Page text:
How Is My Tax Rate Determined?

You compute your tax on the taxable amount of the first $8000 earned by each worker. All unemployment insurance programs are "experience rated," which means that the amount of tax an employer pays is directly related to his experience in the program; that is, the amount of tax paid in compared to the amount of benefits paid out.

First, a rate must be assigned to a new employer before there can be any experience rating. Once an employer begins to pay tax (and possibly be charged benefits), the division keeps track of the balance in his reserve account. Once your reserve ratio is determined, your rate is assigned by finding the tax bracket that the ratio falls in for the tax schedule in effect for the year. The division issues a "Notice of Contribution Rate" annually to each active employer indicating the new rate and containing the information used in calculating it.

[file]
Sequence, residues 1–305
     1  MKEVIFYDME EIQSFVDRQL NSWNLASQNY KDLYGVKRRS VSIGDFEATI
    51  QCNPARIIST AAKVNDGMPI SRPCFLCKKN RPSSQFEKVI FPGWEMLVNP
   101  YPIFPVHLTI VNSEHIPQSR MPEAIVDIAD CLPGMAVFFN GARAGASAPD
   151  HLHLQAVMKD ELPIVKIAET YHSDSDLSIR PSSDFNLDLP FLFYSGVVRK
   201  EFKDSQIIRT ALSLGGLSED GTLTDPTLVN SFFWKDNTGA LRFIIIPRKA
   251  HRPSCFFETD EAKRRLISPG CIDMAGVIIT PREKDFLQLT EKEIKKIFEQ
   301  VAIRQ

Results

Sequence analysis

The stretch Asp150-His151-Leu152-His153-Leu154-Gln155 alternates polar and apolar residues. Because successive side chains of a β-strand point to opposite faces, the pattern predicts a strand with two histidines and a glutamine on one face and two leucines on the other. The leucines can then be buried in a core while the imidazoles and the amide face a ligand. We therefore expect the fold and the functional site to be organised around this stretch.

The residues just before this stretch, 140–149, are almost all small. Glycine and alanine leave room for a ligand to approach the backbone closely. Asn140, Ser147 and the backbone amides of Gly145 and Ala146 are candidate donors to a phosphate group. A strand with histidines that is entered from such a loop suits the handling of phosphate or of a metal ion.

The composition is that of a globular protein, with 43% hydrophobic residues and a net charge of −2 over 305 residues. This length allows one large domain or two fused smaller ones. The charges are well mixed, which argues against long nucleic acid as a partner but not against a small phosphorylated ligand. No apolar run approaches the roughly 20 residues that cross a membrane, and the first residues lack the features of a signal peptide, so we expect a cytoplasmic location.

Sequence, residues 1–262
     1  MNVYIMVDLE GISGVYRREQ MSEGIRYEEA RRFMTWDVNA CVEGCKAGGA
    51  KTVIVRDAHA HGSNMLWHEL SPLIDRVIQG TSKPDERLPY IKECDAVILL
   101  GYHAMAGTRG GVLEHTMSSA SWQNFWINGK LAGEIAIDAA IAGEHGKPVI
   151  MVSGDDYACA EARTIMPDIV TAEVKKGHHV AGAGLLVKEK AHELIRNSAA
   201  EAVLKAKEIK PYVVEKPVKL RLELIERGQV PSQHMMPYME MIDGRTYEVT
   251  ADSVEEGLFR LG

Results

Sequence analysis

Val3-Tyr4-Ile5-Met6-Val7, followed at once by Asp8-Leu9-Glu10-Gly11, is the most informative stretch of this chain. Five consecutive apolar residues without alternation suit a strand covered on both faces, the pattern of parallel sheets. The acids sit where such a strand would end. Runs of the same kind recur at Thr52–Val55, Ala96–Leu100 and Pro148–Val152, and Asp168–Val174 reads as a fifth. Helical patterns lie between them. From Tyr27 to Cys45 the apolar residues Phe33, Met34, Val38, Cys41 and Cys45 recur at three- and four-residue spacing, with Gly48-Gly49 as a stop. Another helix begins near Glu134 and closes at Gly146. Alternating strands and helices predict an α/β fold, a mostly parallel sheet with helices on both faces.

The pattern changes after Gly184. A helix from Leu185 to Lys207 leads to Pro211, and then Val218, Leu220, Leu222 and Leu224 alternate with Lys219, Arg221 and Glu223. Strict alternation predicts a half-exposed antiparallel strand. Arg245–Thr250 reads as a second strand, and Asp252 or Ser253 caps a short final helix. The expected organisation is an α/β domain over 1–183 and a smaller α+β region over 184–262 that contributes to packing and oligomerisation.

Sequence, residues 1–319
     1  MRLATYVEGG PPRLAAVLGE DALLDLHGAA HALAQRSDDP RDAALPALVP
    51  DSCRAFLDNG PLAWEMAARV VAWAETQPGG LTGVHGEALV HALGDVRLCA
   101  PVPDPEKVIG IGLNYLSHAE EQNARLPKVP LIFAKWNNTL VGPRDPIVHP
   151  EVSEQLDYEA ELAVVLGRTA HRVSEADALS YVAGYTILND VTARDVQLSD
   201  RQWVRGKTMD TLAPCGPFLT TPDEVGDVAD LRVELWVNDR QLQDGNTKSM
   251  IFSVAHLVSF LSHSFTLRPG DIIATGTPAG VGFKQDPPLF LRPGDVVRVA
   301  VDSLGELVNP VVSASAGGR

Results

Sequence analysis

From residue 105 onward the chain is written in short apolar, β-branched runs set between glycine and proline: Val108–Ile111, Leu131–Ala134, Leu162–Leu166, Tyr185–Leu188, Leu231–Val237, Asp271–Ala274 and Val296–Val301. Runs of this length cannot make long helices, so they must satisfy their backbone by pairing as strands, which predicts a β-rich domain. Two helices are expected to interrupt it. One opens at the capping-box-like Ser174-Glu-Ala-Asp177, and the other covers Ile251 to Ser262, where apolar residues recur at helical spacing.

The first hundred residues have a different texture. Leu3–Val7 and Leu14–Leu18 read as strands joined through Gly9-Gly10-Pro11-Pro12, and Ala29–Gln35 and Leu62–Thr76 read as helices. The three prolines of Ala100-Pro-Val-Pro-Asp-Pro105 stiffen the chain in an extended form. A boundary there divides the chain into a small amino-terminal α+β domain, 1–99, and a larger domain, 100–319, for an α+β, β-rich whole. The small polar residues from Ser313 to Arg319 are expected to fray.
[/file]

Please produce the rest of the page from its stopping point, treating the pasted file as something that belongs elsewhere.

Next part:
In addition to the unemployment tax, which you are required to pay, you may make additional payments into your reserve account to reduce a deficit balance or to increase a positive balance. Since tax rates are based on reserve account balance, changing your balance can lower your next year's tax rate.

The information on this page is meant to provide a general overview of the law. The laws in your state and/or city may deviate significantly from those described here. If you have specific questions related to your situation you should speak with a local attorney.

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